Apple’s skeletons in the closet are coming back to haunt it in 2021; a class-action lawsuit filed five years ago against the company is set to go to trial in August. The filing accuses Apple of replacing damaged devices with refurbished devices instead of replacing them with new ones. Apple says that the replacements are “equivalent to new in performance and reliability”
In 2016, an iPad owner who received a replacement tablet that did not work went to court against the company claiming that the refurbished model was not “equivalent to new”. In 2010, Apple officially began to sell refurbished iPad models at a $50 discount from the original price.
Apple’s trial over replacing repair devices with refurbished models is scheduled for August
MacRumors writes that as per the sent legal notice by a law firm Hagens Berman Sobol Shapiro LLP, Apple’s aforementioned actions violate the Magnusson-Moss Warranty Act, Song-Beverly Consumer Warranty Act, and other U.S. laws. And the trial is set for August 16. The report explains that:
Apple’s repair terms and conditions state that, when servicing a customer’s product, the company “may use parts or products that are new or refurbished and equivalent to new in performance and reliability.” Plaintiffs in the lawsuit, Maldonado v. Apple Inc., allege that refurbished or “remanufactured” devices are not “equivalent to new in performance and reliability” and thus are seeking monetary damages from Apple.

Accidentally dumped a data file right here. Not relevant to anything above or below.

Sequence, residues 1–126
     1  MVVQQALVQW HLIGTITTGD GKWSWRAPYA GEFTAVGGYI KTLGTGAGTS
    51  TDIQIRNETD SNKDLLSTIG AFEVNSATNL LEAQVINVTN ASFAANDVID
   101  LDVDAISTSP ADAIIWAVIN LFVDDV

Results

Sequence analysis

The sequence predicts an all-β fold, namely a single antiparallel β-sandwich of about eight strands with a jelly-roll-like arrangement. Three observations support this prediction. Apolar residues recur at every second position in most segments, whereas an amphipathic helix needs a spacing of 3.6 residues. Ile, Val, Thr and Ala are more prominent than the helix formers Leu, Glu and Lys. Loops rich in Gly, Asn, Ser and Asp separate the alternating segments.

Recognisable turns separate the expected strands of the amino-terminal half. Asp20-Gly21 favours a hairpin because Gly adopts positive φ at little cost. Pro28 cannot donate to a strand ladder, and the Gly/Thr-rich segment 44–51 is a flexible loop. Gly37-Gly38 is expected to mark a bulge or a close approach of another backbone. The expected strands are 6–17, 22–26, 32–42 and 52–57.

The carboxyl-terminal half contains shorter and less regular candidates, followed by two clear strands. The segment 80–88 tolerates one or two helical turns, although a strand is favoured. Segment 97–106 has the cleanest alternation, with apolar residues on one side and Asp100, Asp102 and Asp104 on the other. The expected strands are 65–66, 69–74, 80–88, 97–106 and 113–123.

The class includes U.S. residents who purchased an AppleCare+ or AppleCare Protection Plan for an iPhone or iPad on or after July 20, 2012, either directly or through the iPhone Upgrade Program, and later received a “remanufactured” replacement device. Anyone who meets this description will automatically be included as part of the class, unless they opt out by May 3 to retain their right to sue Apple individually over the claims in the lawsuit.